Read, Transcribe and Enjoy Old Scottish-Canadian Diaries Online
By Catharine Anne Wilson
Have you ever wanted to read someone’s diary? Now you can. Nothing brings you closer to daily life in the past than reading an old diary.
The Rural Diary Archive showcases over 130 diarists from across Ontario and is available online beginning September 24, 2015. It broadcasts the availability of diaries in archives across the province and makes these hand-written and fading sources accessible to all. The full text of the diaries of nineteen men and women are available to read, search and transcribe and more are continuously being added as new collections are located.
The Scots were particularly keen on writing diaries and many are featured on the Rural Diary Archive. Over 32 of the diarists are of Scottish heritage and some of them wrote diaries for several consecutive years. Their diaries cover the period from 1800 to the 1960s and depict migration, pioneering, farming, family and community life. Anyone interested in the Scots and their settlements in Glengarry, Lanark, Wellington, Huron and other counties will enjoy them.
Example of handwriting from George Bremner's diary circa 1881
Visitors can engage the website in three basic ways:
1. MEET THE DIARISTS showcases over 130 diarists. It gives the name of the diarist, township, occupation, religion, birth date etc. and location of the collection. People can search this table to find diaries that exist in archives across the province written by those of Scottish heritage and/or living in areas of Scottish settlement.
2. The SEARCH section contains the full text of several transcribed/typed diaries which visitors can peruse. These diaries are searchable and Accessible to those who use Assistive Technology readers.
George Easton, for example, grew up in Lesmahagow, near Lanark in Scotland and emigrated in 1820 aboard the “Prompt” as part of an immigration scheme to settle weavers in what would become Lanark County in Ontario. He and other neighbouring Scottish settlers formed a St Andrew’s Society. George’s diary (1830-39) suggests he was a crusty Scot struggling with his conscience. He is lonesome for his homeland, unhappy with teaching the local children and busy clearing more stony land for farming. You can glimpse inside his kitchen as he writes: “ Jess in a woman fuddle. Mind that. Jenny making my coatee.” You can join him as he passionately reflects on Scottish history: “… the Dirk of Glencoe… shall reeking glance glory in blood of the foe. Reform.. reform.. reform..” What does he mean in another entry when he cries “Disappointment! Disappointment!! Disappointment!!” or warns of “Chambering and Wantonness”?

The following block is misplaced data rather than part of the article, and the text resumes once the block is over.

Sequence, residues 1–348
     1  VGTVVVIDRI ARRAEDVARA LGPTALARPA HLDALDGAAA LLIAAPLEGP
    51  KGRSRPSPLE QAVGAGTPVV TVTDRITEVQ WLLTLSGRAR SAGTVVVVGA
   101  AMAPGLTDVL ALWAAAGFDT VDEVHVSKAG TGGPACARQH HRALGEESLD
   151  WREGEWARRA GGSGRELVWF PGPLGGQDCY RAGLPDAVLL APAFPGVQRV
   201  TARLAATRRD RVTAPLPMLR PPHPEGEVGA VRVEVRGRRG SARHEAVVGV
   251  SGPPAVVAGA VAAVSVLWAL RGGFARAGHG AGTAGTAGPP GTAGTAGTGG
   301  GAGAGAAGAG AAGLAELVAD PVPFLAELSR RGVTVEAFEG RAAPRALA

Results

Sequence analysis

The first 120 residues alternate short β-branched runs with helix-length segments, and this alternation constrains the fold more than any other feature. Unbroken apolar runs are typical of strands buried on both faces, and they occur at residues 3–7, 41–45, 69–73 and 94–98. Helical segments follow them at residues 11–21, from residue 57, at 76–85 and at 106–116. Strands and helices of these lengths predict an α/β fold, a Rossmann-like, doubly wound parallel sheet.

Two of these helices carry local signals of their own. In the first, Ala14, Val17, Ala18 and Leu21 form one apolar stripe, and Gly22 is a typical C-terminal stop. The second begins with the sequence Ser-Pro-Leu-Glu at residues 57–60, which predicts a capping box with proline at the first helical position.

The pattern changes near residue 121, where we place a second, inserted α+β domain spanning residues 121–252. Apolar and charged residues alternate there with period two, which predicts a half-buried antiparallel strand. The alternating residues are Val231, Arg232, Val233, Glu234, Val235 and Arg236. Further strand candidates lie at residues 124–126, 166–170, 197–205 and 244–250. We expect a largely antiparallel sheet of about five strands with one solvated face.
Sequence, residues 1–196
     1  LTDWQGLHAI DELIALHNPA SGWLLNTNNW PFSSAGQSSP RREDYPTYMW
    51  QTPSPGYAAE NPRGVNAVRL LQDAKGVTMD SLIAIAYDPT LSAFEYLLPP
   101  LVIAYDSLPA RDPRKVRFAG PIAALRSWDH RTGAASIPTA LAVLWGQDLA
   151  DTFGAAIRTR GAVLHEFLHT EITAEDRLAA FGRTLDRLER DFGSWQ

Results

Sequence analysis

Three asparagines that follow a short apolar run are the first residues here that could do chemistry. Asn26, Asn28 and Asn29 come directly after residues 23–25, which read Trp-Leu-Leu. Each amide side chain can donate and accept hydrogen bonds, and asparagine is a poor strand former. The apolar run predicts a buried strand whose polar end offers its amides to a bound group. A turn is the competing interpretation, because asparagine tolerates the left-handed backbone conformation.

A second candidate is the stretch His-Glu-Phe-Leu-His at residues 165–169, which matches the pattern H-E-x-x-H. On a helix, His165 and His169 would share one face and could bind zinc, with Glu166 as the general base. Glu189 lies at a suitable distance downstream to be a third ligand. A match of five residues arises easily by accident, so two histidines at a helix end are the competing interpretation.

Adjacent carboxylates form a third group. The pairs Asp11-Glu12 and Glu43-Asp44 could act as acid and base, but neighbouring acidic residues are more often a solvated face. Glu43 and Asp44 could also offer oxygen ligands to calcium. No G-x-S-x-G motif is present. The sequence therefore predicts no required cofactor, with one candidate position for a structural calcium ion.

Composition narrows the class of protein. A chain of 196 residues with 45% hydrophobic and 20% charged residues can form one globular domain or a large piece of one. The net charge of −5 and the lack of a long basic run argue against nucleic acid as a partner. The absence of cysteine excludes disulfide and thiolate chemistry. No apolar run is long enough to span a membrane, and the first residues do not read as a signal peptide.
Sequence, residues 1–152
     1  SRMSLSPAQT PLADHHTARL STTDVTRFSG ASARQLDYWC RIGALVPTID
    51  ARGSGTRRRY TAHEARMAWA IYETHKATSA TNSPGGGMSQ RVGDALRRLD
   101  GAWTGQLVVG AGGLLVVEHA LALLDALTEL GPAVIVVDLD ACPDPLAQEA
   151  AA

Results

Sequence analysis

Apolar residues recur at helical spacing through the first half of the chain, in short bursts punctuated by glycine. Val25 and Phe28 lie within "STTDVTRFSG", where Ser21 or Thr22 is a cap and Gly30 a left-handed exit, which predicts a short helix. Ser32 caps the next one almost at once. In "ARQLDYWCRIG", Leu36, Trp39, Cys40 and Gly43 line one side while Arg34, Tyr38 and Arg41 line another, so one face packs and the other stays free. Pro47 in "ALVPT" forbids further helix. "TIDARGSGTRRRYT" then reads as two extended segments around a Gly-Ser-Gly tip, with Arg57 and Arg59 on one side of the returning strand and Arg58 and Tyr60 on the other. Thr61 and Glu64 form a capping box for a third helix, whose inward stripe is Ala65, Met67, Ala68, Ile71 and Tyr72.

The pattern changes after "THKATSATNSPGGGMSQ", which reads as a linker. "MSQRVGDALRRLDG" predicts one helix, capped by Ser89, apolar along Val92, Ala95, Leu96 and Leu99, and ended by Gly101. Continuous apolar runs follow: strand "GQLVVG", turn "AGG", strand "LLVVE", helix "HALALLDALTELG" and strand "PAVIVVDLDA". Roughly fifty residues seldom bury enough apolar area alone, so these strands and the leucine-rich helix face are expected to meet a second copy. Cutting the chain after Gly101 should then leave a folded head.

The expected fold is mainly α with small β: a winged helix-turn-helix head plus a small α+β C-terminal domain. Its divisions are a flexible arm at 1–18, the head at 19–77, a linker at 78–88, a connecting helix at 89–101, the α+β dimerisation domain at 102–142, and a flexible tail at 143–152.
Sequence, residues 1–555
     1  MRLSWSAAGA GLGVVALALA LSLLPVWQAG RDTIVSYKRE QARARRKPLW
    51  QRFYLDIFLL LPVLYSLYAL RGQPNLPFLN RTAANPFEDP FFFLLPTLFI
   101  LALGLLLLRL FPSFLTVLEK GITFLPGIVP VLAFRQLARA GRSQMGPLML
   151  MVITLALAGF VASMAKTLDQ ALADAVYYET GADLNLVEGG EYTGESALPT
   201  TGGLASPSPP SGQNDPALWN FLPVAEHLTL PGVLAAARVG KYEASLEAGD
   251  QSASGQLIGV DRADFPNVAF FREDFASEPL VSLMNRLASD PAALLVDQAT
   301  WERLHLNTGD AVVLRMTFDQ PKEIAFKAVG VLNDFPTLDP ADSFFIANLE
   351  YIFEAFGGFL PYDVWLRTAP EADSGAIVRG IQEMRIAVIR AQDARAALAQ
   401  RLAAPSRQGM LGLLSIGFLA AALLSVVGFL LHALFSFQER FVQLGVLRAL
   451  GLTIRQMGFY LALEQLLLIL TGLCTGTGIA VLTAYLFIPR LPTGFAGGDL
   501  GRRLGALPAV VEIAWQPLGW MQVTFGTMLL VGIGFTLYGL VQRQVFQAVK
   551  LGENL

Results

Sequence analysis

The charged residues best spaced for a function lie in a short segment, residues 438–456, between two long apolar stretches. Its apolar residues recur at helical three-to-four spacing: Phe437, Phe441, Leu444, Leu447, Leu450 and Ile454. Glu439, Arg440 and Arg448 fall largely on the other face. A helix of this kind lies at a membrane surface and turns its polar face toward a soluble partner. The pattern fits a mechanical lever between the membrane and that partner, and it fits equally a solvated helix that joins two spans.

Other full-text, typed diaries in this section are those of Douglas McTavish and Mary Green of Huron County. Douglas usually makes very brief entries such as “plowing all day,” but on 9 May 1877 his routine is interrupted by the tragic death of his wife. Left with six young children, Douglas must cope. You can also follow the trials and eventual release of Mary Green. Mary, age 29, keeps house for two uncles in 1899. She rarely goes anywhere and is lonely. She bakes, scrubs, churns, gardens, and feeds the hired men while her siblings begin interesting careers. Then Mary leaves to better herself. She enrols in the Dairy College at Guelph.
3. The TRANSCRIBE section contains the full text of several handwritten diaries which visitors can help transcribe. This means turning the handwritten words into typed script. Visitors can see the original handwritten pages and transcribe them online adding to what others have done and in the process make these diaries readable, searchable and Accessible too.
William Sunters’s detailed, hand-written, daily entries in 1857 tell of events on his farm in Wellington County and trips to Guelph. He debates with the school teacher about virtue and vice. And he shares his love of horses and recipes for cough medicine with us. John Ferguson’s diaries for 1869 and 1870 bristle with the strivings of a young third-generation Scottish-Canadian trying to be his best. His high school education is cut short when his father falls ill and he has to take charge of the farm in Peel County. For the next fifteen years he writes of agricultural improvements, taking his prize-winning horses to the fair and his activities as a school trustee, devout Methodist and temperance advocate. John shares more details, observations and opinions than most diarists.
We hope that you enjoy visiting the website. We encourage you to try transcribing and join others as together we make valuable historical sources available for the future. Historical societies might consider organizing a transcribe-a-thon for one of their own local diaries. Or perhaps a genealogist might organize a family project whereby several relatives participated in transcribing Aunt Margaret’s diary. My distant cousins in Australia and Seattle and I, who have never met in person, are currently transcribing our great, great grandmother’s diaries online. The possibilities are endless and exciting.
If you know of old diaries needing a good home or would like further information, don’t hesitate to contact us at email@example.com.
The Rural Diary Archive has been created by Dr Catharine Wilson and students in the Department of History. It is generously funded by the Francis and Ruth Redelmeier Professorship in Rural History and supported by the Archival and Special Collections, McLaughlin Library, University of Guelph.